Comparing body condition of moose (Alces alces) selected by wolves (Canis lupus) and human hunters: consequences for the extent of compensatory mortality
Abstract:Predators commonly select prey of inferior quality compared with the average animals found in the population. Consequently, predation may often be compensatory to other sources of mortality. We tested whether wolves (
Keywords: compensatory predation; graisse de moelle; loup (Canis lupus); marrow fat; moose (Alces alces); prey selection; prédation compensatoire; sélection des proies; wolves (Canis lupus); élan (Alces alces)
Document Type: Research Article
Affiliations: 1: Grimsö Wildlife Research Station, Department of Ecology, Swedish University of Agricultural Sciences, SE-730 91 Riddarhyttan, Sweden. 2: Hedmark University College, Faculty of Forestry and Wildlife Management, Evenstad N-2480 Koppang, Norway.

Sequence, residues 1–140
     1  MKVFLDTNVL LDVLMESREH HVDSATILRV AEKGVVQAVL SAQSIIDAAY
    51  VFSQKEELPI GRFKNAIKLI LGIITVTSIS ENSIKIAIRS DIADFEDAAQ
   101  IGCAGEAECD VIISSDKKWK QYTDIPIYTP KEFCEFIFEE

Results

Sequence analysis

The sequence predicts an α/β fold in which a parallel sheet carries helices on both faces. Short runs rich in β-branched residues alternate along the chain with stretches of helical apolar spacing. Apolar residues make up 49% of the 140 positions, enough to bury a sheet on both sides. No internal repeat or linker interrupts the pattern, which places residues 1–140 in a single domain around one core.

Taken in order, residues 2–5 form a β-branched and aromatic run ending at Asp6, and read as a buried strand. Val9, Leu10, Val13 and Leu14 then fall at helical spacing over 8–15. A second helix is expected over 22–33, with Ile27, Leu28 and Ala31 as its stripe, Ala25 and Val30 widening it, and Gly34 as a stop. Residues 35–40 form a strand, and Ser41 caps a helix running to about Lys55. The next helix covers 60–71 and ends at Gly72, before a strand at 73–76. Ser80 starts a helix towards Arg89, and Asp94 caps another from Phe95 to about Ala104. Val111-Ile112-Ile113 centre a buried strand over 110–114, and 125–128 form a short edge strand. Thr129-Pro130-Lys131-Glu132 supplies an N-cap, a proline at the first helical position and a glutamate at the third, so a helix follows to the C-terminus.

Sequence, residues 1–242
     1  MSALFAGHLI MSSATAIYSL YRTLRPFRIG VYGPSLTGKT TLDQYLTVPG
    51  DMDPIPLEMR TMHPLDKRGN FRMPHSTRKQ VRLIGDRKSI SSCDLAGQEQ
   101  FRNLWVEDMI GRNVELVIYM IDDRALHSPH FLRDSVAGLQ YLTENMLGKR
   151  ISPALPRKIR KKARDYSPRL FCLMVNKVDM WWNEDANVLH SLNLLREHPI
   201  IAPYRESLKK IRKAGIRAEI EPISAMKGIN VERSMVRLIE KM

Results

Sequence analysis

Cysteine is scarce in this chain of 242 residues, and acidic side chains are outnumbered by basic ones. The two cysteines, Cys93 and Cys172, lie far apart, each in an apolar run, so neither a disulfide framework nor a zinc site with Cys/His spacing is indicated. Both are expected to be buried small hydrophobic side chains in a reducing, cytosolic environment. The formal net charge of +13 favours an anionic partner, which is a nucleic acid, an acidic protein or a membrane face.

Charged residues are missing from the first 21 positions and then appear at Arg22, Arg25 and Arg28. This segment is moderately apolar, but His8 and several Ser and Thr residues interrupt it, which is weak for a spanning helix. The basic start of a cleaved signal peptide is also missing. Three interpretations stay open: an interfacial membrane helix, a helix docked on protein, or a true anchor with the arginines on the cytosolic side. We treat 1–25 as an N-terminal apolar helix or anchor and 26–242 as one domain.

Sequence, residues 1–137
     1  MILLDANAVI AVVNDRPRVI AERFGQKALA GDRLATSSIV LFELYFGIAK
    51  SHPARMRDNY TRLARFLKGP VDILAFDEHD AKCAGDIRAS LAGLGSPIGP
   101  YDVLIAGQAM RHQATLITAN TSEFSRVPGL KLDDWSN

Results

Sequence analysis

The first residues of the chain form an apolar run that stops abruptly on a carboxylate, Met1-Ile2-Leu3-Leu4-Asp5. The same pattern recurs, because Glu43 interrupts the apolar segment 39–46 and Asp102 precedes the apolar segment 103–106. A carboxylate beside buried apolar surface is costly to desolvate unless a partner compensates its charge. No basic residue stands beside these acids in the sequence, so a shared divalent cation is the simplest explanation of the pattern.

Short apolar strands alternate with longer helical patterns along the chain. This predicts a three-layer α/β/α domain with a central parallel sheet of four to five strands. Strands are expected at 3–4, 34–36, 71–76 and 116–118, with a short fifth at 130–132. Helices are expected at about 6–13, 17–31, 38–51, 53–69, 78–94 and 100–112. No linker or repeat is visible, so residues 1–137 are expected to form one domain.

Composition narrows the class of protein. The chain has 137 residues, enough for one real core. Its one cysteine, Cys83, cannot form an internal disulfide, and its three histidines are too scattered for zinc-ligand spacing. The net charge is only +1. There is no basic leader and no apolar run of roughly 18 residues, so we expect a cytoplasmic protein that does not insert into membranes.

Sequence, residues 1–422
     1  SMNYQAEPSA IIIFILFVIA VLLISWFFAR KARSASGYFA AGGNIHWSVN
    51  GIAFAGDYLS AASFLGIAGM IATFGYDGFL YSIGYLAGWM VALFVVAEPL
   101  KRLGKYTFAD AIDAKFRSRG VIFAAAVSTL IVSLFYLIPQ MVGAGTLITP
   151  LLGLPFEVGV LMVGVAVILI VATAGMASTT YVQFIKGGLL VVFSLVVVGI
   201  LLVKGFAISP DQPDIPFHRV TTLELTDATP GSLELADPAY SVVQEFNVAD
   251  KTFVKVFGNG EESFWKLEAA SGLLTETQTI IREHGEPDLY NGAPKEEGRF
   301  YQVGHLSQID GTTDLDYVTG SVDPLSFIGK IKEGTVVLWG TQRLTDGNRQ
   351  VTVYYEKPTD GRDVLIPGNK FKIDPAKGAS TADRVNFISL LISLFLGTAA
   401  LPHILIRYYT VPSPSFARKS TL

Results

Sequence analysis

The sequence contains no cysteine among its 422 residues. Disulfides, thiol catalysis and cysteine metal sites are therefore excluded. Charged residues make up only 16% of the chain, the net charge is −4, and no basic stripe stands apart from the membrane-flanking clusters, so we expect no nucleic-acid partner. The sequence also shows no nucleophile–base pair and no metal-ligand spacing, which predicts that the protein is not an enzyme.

Publication date: March 1, 2012
- Published since 1929, this monthly journal reports on primary research contributed by respected international scientists in the broad field of zoology, including behaviour, biochemistry and physiology, developmental biology, ecology, genetics, morphology and ultrastructure, parasitology and pathology, and systematics and evolution. It also invites experts to submit review articles on topics of current interest.
- Information for Authors
- Submit a Paper
- Subscribe to this Title
- Terms & Conditions
- Sample Issue
- Reprints & Permissions
- Ingenta Connect is not responsible for the content or availability of external websites